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Teeth Grinding & Clenching FAQ

teeth grinding and clenching

Teeth Grinding & Clenching FAQ

A topic that often comes up as a shock or a surprise to our patients during check-ups is teeth grinding and clenching (bruxism). It is very difficult to pick up teeth grinding and clenching yourself, unless you have got someone who heard you grinding or clenching your teeth at night. This is because most of the work is done when we are sleeping.

We have prepared something here to answer some of the more popular questions our patients have about teeth grinding and clenching.

  1. When do we grind and clench?

    We would find ourselves grinding and clenching our teeth especially at night. There are also times during the day when we find ourselves clenching our teeth together when we are concentrating, for instance, focusing in front of the computer, watching an intense TV show or even learning how to drive for the first time!

  2. Why do we grind and clench?

    Evidence does relate the cause of teeth grinding to psychological factors – the main one is stress. We often find ourselves grinding more frequently when we are caught up in a stressful period of time – such as heavy workload at work, seeking new employment, family matters and for students, exams. Other possible causes can be fatigue, being nervous or trying to concentrate.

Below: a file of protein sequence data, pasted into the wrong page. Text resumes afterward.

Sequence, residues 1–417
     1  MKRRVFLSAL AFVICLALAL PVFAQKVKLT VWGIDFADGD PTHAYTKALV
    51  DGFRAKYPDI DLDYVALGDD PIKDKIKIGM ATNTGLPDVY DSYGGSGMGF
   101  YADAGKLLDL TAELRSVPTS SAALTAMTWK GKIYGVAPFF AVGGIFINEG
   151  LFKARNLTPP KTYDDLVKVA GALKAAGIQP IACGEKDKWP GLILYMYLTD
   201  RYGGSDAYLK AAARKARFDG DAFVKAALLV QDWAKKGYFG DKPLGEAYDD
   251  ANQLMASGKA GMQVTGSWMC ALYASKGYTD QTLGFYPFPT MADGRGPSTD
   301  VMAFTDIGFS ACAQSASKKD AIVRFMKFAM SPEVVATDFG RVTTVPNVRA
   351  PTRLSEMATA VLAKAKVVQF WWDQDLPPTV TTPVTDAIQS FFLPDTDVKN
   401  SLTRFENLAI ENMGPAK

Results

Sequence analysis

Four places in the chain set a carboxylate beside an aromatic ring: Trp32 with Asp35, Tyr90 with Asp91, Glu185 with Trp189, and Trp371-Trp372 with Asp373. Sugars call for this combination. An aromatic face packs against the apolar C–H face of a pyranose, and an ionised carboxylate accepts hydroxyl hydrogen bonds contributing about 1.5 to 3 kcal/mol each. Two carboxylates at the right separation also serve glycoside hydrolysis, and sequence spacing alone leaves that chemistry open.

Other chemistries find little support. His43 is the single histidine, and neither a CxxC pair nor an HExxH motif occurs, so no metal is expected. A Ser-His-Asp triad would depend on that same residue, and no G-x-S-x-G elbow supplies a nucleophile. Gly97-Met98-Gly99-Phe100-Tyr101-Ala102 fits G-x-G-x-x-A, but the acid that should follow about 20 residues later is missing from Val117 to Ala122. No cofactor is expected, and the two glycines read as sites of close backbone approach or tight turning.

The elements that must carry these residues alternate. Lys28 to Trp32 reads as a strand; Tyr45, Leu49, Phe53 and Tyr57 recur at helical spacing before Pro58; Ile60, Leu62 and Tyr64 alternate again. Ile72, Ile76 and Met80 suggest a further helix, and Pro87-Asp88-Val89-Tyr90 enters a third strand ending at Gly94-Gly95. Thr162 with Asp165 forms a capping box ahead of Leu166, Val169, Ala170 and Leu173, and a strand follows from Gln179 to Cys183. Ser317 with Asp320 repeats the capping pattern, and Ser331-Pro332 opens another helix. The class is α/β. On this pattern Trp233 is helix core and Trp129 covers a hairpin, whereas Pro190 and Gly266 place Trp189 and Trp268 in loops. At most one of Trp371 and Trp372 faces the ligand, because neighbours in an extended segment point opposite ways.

3. What are the impacts of teeth grinding and clenching to our mouth?

    The main impact of grinding and clenching would be teeth wear. Grinding and clenching our teeth for a long period of time will result in the wear and tear of our teeth. We will ultimately have shorter teeth, significantly higher risk of fillings in our mouth to break away, as well as chips and fractures of our natural teeth.

  4. How do we know if we are grinding or clenching at night?

    The most reliable method here is to visit your dental surgery! Your dentist should be able to tell if you do grind or clench by looking at the wear patterns on your teeth. Some other symptoms that comes with grinding and clenching are sore teeth in general (in the absence of any decay or other problems), sore and tight muscles of the face, temporal headaches and neck pain. These symptoms are very obvious and appear primarily in the mornings and slowly subside during the day.

  5. How do we stop grinding or clenching? Are there any dental treatments to help with these?

    The most effective solution with grinding and clenching is good stress management. Find enjoyable activities that you can do to relieve your stress! In terms of dental treatment, we can help by constructing a night guard which is a clear plastic acrylic which fits onto your entire top teeth. This is to be worn before you sleep at night, and if you do grind, you will be grinding on the night guard rather than your teeth. Something else that you can do to alleviate the other symptoms mentioned above is good routine jaw exercises!

If you think you have experienced these symptoms before, or have heard someone tell you that you are grinding your teeth, pay your dentist a visit or bring it up at your next appointment! We will be more than happy to help you address your concern or answer any other questions you may have about teeth grinding.

Please give Fullarton Park Dental a call on 8272 5271 if you have any further questions or if you would like to book an appointment with one of our dentists.

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Highgate, SA 5063

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